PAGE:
• Join over 1.2 million students every month
  • Accelerate your learning by 29%
  • Unlimited access from just £6.99 per month

Fictional Piece Daddy's' Girl.

Extracts from this document...


Fictional Piece Daddy's' Girl It was screaming for domestic attention. I hadn't cleaned the spare room for a long time, and it was crowded with junk from school and college. So I did. I was quickly becoming drenched in grime and dirt, with flecks of dust lacing my hair. I opened up yet another large brown box, and what I found was going to bring it all back. Yes, it would bring back something I almost forgot ever happened. It was that long ago, and my memories had become faded, dusty and shut up like everything else around me. Perhaps if I can recall it, then I can put it all behind me again, just as I did the last time. Whenever anyone thought of Judy Forrester, they pictured her in a ballet costume, gracefully performing, knowing that each and every step had been rigorously enforced on her and perfected, until she could "move" the audience. She had talent, but she had something else, more than that. A gift from God, if you believe in that sort of thing. ...read more.


Daddy was the only who believed in me, the only one who thought I could match her. I could confide in him, tell him how I wanted her gone. Just to never hear the teachers praise her, friends admire her, papers to stop printing pictures of her clutching yet another trophy, gushing like some pathetic film star, quoting to have said something like, "Oh, I'm so shocked, the others were all so good........................" Daddy stopped buying them. He understood what it did to me. Daddy said that if you wished hard enough for something then it might happen. In November 1980, I had injured myself. The ligaments in my left calf were torn, from all the overtime I was putting in to my routine. I was practicing for the Under 18's National Ballet Awards. Naturally Judy was taking part, rehearsing every night, often until ten o' clock, some of the others told me. I told Daddy and he cuddled me in his big strong arms and told me that I would be back with vengeance soon. I put all my efforts into my college work and found out where my sparkle was, music. ...read more.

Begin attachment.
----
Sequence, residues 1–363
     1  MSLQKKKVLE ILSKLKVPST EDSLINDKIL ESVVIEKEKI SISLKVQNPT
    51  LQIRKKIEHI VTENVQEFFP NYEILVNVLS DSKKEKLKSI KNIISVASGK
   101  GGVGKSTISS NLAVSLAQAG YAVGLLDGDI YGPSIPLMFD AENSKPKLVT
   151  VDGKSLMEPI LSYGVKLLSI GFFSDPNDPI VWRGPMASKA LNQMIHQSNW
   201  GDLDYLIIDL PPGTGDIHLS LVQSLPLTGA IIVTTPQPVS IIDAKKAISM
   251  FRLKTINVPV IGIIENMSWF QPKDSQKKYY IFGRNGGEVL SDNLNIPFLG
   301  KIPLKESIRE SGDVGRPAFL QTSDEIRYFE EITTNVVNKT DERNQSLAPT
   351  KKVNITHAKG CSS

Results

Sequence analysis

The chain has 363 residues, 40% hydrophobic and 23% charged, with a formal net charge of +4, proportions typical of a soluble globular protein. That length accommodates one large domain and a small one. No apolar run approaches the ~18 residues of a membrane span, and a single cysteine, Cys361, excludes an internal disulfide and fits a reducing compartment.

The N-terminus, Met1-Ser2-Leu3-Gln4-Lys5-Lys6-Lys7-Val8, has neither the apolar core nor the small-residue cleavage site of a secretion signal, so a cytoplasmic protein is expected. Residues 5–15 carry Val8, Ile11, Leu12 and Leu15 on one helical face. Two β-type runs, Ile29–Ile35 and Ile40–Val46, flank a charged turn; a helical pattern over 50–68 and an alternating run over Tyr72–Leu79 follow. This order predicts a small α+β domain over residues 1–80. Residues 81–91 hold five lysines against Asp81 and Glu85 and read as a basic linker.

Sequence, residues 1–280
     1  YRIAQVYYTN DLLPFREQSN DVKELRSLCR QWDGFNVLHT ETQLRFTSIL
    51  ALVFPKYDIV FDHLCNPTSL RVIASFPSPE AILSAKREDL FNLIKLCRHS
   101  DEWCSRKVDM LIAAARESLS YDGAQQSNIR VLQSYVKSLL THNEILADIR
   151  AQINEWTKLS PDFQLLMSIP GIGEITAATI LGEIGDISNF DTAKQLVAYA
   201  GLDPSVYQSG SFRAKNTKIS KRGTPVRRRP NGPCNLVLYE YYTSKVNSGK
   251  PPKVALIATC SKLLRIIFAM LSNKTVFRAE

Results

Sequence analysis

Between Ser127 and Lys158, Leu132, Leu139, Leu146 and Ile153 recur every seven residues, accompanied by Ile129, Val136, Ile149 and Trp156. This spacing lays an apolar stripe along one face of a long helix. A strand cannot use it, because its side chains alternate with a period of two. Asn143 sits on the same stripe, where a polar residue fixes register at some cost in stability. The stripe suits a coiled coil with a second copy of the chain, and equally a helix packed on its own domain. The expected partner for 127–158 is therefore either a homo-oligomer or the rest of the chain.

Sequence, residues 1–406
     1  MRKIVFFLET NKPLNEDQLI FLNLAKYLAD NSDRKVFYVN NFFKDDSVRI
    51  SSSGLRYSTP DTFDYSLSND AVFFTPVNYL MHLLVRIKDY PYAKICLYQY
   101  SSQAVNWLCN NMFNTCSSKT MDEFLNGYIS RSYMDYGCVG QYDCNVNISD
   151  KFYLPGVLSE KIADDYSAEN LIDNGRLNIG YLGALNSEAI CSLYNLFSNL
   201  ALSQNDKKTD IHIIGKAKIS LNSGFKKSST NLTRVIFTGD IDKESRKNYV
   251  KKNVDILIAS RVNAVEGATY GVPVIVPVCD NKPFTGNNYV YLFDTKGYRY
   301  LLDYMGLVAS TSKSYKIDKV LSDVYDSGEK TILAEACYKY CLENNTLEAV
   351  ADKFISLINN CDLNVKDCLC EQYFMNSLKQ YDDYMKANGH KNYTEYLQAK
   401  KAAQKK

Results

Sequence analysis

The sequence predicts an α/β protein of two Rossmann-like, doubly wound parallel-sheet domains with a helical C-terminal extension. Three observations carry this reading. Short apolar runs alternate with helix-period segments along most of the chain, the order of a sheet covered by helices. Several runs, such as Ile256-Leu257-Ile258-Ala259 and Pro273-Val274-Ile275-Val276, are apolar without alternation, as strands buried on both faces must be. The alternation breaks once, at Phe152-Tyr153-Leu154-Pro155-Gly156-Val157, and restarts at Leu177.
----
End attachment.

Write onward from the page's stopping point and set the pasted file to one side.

Her legs, now paralysed, could never perform again and take her to victory. She was paralysed for life. I could dance as she could not. A few months later, I entered my first competition since the accident and won. My first trophy, gold, sat gleaming over the fireplace. Daddy was overjoyed and bought me a new costume, he was so proud. As I glanced at it properly for the first time, I was filled with guilt and regret. If the "accident" had not happened, Judy would have this trophy, on her fireplace, amongst all the others. Daddy wanted to know why I was so upset. I told him that I felt guilty about Judy. He said I got what I wished and should be happy. He looked away from me when he said this, something that my father never does. Then reality dawned on me. I asked Daddy about the accident. He said he was tired, went to bed and never mentioned the accident or Judy Forrester again. That same night I gave up dancing. I could not do it anymore. The trophy's' I could have won were not mine, they were Judy's'. And now, as I look at the trophy in my hands, I know why. ...read more.

The above preview is unformatted text

This student written piece of work is one of many that can be found in our GCSE Writing to Inform, Explain and Describe section.

Found what you're looking for?

  • Start learning 29% faster today
  • 150,000+ documents available
  • Just £6.99 a month

Not the one? Search for your essay title...
  • Join over 1.2 million students every month
  • Accelerate your learning by 29%
  • Unlimited access from just £6.99 per month

See related essaysSee related essays

Related GCSE Writing to Inform, Explain and Describe essays

  1. The Gift

    Dad! I've got something for you!" Kevin's father, wearing a dark blue flannel robe, a warm blanket covering his knees, was sitting in a chair by an open window. On his lap lay a half-read book, the story long forgotten, as he gazed off into the distance, thinking wistfully of better days.

  2. Morning of the 26th.

    Then, as instantly as it had begun the separation was complete and Logan Harne had disappeared. "Out of sight, out of mind," That's what my mother had always told me. I only wish she had been right.

  • Over 160,000 pieces
    of student written work
  • Annotated by
    experienced teachers
  • Ideas and feedback to
    improve your own work